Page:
Regulated PS w/ LM317 &amp; LM337's - diyAudio
 Regulated PS w/ LM317 & LM337's
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 Chip Amps Amplifiers based on integrated circuits

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 18th June 2006, 06:33 PM #1 Account disabled at member's request   Join Date: Jun 2006 Regulated PS w/ LM317 & LM337's Please check my math & logic. I'm making LM3875-based Gainclone monoblocks with regulted power supplies. Can I safely use LM317 & LM337 regulators using this schematic? (ignore the voltages, filter caps will 1,500uf) I think I can because: LM3875 disapation at full power (Vs=25v+/-, Pout=30watts, & Rout = 4 ohms) = 33 Watts per National's documentation... Therefore... Itotal = about 1.3 amps... and, since I+ = I- = 1/2 of Itotal, each regulator will pass about 0.66 amps Since Imax for each LM317/337=1.5 amps, each regulator should be running at 44% of its capacity when the is amp running at full power. Is my logic correct? Thanks for looking, oldfatbubba...
 18th June 2006, 06:38 PM #2 diyAudio Member   Join Date: Mar 2003 Location: Zürich Hi I like it you thought about it before posting the question. Most people would just drop the question: can I use ML317/337 to regulate the power rails for a gainclone? For low listening levels...and for maybe 90% of the time these regulator would be fine...but, whenever there is some Peak in the music current draw will be larger! Think about it this way...why are the recommended trafo's rated for at least 4 amp on the secondary? Erik
 18th June 2006, 07:11 PM #3 diyAudio Member   Join Date: Oct 2004 oldfatbubba Have you looked into adding input bypass transistors to increase current?
 18th June 2006, 07:22 PM #4 diyAudio Member   Join Date: Jul 2004 Location: Scottish Borders Hi, 30W into 4ohms will need an output voltage of about 15Vpk. Your 4ohm speaker could have a minimum resistance of about 3ohms. The peak current into the load is about 5Apk. If you want 30W into 4ohms and it needs 15Vpk at the output why are you planning to run +-25Vrails? Is the chipamp that bad? Can I recommend you build your chip amp without regulated supplies? Just use a decent sized transformer, rectifier and smoothing capacitors much bigger than 1m5F. For Ipk=5A, I would recommend +-10mF to +-15mF per channel. It should perform well on an unregulated PSU. __________________ regards Andrew T. Sent from my desktop computer using a keyboard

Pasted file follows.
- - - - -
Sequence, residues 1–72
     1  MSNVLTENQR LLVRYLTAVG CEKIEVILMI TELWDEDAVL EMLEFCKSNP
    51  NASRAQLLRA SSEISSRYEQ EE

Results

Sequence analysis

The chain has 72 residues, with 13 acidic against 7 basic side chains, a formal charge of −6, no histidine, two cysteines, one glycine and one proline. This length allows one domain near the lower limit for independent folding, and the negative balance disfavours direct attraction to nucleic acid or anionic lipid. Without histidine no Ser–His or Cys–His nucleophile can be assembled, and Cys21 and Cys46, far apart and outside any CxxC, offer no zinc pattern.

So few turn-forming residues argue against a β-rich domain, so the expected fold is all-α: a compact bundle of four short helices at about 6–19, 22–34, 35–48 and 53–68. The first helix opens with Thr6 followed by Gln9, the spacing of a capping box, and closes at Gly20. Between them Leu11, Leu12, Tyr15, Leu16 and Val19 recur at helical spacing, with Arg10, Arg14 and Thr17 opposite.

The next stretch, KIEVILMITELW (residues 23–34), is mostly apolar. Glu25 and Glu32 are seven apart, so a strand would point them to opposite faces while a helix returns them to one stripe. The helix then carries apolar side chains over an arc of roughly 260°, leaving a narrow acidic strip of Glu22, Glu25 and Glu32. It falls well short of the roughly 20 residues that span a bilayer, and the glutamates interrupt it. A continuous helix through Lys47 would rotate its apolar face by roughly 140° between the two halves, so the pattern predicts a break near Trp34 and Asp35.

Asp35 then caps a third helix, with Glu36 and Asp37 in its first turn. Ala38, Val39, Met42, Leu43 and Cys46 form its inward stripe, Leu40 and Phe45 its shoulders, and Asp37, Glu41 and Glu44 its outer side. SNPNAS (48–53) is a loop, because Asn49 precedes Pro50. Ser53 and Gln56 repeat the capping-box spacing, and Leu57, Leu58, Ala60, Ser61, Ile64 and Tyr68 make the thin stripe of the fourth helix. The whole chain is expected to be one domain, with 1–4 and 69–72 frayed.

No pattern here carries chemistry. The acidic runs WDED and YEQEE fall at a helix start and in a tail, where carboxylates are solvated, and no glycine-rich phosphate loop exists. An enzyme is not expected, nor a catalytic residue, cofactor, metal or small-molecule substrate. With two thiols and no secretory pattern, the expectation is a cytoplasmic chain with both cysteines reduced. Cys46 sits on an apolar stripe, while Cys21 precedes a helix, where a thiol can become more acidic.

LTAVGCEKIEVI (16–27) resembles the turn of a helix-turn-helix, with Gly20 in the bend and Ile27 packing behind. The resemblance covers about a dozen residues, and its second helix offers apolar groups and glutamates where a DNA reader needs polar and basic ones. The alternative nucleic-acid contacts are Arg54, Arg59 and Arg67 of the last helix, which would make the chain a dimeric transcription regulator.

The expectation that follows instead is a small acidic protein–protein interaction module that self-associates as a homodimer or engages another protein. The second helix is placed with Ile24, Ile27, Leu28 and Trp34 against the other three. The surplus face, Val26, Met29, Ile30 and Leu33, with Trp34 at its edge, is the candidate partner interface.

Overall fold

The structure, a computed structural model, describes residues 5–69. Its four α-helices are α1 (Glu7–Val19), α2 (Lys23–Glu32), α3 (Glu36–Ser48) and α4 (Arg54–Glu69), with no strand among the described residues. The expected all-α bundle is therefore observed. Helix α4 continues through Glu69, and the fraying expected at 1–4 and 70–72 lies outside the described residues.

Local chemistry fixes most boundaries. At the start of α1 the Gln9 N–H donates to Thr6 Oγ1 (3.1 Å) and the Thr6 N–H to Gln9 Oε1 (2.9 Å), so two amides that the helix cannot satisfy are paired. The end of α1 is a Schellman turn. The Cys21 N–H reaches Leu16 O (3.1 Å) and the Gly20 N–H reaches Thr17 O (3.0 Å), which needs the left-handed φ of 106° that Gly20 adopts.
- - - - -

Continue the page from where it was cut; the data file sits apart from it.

18th June 2006, 07:25 PM #5 diyAudio Member     Join Date: Jun 2004 Location: Warsaw You've calculated mean current, but at peaks output current of regulator will be nearly the same as speaker output current, because regulators use feedback, capacitance does not matter very much here. But this shouldn't harm if regulator switches off due to short circuit protection at some peaks if you have high capacitance at regulators' output. For that time it just won't regulate. regards
 18th June 2006, 09:20 PM #6 diyAudio Member     Join Date: Jun 2006 There are higher current regulators like this one: http://www.national.com/pf/LM/LM338.html But it doesn't have a matched opposite from what I can see - so you would need to emply a slightly different strategy to use them. Also it's NOT cheap where I live.
 18th June 2006, 10:55 PM #7 diyAudio Member     Join Date: May 2003 Location: Berlin Hi, I've been using the 317/337 in a regulated supply for an LM3886. But only because I wanted to test my schematic and board layout before spending money on suitable regulators! It's interesting to what loudness levels such an arrangement can drive a speaker with average efficiency. But as the 317/337 have internal current/temperature limiting functionality (and way too low current capability), they are in no way suitable to power 4Ohm speakers, let alone deliver 30 Watts of output power. As mentioned by others, there are better (yet more expensive) regulators available, of which the LM338 is the cheapest one, while something like the LT108x series is recognized as among the best. Basically, what you want to set up is one of the proven designs of regulated gainclone power supplies, about which there are many threads in these forums. Just do a search... Cheers, Sebastian.
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Quote:
 Originally posted by raromachine There are higher current regulators like this one: http://www.national.com/pf/LM/LM338.html But it doesn't have a matched opposite from what I can see - so you would need to emply a slightly different strategy to use them. Also it's NOT cheap where I live.

Exactly! ...Which is why I wanted to use LM317. No biggie, though..

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Join Date: Jun 2006
Quote:
 Originally posted by sek = Basically, what you want to set up is one of the proven designs of regulated gainclone power supplies, about which there are many threads in these forums. Just do a search... Cheers, Sebastian.
Thanks. I'll take your (and everyone elses) advise and go with the LM338.

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Join Date: Jun 2006
Quote:
 Originally posted by jaudio Have you looked into adding input bypass transistors to increase current?
I could see how that would work well, but it would make for a more complex build.

FWIW, there's a filament supply circuits in Ranier zur Linde's book, Audio Valve Amplifiers, which bypasses a 7806 regulator w/ a
BD242. I was oft tempted to use that design in high gain guitar amps where noise is usually a problem.

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